• Mohawk Gardens/St. Patrick’s R.C. School in East Burlington;
  • Bromley Park in East Burlington;
  • Sherwood Forest Park in East Burlington;
  • Pineland Public School in East Burlington;
  • Paletta Estates in Burlington;
  • Nelson Park in Burlington (including Shoreacres Road);
  • John Tuck Public School in

Many of these areas are adjacent to woodlots. The proximity of playgrounds to woodlots which is where coyotes den is particularly problematic. Many young children play in these areas, and the potential for interactions between coyotes and young people is extremely high. In all of West Oakville there are no coyote warning signs whatsoever.

SIGN AT ENTRANCE TO SHELDON CREEK TRAIL, THE SITE OF SEVERAL COYOTE ATTACKS. THIS IS A HEAVILY UTILIZED TRAIL AND CHILDREN’S PLAYGROUND IMMEDIATELY NEXT TO TRAIL ENTRANCE. COYOTES KNOWN TO USE THIS ENTRANCE TO LEAVE THE TRAIL SYSTEM AS THEY MAKE THEIR WAY TO THE LAKE VIA WILMOT ROAD AND STEVENSON ROAD.

2.     Improve both the quantity and quality of signage relating to coyotes, and ensure it offers meaningful information on what to do in the event of sightings.

 There are absolutely no coyote warning signs in Bronte and West Oakville, and the level of coyote signage currently in use in Burlington is vague and offers little in the way of useful information. BOCM believes that much more comprehensive and detailed signage is required that includes the following:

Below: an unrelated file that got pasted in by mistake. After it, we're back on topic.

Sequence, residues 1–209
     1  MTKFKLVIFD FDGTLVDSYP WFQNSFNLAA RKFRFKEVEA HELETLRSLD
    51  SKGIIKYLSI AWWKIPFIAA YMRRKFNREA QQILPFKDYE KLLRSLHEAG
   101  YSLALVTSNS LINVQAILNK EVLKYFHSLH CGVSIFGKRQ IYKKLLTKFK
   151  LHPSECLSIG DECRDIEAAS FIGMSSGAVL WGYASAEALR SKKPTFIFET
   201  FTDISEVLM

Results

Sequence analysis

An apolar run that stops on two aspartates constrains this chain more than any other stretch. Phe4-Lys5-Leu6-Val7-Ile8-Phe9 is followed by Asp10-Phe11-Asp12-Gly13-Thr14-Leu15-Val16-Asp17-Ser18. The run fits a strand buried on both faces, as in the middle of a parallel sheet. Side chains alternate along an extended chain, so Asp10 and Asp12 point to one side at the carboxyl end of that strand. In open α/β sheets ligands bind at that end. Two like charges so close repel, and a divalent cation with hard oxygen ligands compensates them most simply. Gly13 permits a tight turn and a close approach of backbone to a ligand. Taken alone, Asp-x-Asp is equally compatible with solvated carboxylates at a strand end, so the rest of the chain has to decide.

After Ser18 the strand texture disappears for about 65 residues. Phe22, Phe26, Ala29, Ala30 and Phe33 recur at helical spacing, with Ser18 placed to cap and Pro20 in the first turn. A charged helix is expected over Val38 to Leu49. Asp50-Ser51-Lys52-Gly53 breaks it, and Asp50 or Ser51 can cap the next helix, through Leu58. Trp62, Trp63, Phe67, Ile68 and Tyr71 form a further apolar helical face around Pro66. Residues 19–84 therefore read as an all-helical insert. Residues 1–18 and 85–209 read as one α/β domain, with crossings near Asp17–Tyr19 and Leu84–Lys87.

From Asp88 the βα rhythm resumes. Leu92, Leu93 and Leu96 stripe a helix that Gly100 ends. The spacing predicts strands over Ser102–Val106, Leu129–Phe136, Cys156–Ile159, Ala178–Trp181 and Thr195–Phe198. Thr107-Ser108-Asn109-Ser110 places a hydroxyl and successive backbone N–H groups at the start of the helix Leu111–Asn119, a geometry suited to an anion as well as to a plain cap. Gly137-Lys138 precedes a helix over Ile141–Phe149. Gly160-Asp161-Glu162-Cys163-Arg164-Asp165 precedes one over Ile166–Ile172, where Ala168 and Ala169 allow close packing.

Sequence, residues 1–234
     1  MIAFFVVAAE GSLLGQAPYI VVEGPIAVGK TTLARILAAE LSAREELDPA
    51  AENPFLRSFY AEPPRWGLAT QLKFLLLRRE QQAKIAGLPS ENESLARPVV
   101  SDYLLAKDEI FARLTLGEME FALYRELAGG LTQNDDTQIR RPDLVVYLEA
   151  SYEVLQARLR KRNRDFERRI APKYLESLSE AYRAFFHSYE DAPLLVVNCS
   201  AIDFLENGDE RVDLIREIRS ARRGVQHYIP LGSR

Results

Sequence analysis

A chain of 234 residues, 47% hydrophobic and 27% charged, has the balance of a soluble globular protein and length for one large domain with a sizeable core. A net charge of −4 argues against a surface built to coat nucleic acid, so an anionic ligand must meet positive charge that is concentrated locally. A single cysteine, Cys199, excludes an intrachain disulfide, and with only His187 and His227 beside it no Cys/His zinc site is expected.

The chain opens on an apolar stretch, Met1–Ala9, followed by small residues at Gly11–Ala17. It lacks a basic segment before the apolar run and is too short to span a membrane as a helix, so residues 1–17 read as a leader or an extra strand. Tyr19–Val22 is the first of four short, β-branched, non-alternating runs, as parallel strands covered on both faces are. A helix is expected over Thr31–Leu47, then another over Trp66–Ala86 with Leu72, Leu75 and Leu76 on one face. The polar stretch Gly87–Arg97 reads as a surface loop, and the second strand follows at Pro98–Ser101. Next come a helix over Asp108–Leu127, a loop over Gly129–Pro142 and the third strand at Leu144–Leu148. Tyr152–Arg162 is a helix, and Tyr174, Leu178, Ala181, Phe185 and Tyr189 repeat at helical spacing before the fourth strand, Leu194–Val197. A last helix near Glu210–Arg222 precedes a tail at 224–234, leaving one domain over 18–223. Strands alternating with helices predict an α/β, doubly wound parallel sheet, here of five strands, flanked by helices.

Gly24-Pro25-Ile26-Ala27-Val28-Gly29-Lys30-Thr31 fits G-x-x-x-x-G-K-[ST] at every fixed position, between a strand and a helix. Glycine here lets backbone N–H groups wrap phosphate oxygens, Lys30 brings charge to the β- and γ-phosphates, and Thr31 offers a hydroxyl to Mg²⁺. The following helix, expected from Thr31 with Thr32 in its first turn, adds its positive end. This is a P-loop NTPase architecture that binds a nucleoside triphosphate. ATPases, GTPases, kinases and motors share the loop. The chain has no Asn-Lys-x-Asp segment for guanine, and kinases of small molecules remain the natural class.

• Warning signs on the prevalence of coyotes;
  • Encourage park visitors to call 911 in cases of emergencies or attacks;
  • Clear prohibitions aimed at discouraging the feeding wildlife;
  • Specific directions on what to do if a coyote stalks someone;
  • Advice on how to properly haze

Suffice to say that a picture of a coyote may provide a warning but it offers no viable information as to what to do when one is sighted or attacks. Oakville/Burlington need to follow the lead of Mississauga and install billboards, or at the least temporary mobile signs warning people of coyotes in hotspots and what to do.

 

Appendix A includes a cross-section of different pictures taken recently throughout Oakville and Burlington that clearly demonstrates either the lack of proper signage or a lack of relevant information.

3.     Current municipal by-laws should be amended to permit the laying of charges and assessment of fines for persons who feed coyotes.

Current direction from civic officials places an onus upon residents not to feed wildlife. Unfortunately, this advice is not reinforced with appropriate fines that act as a significant deterrent.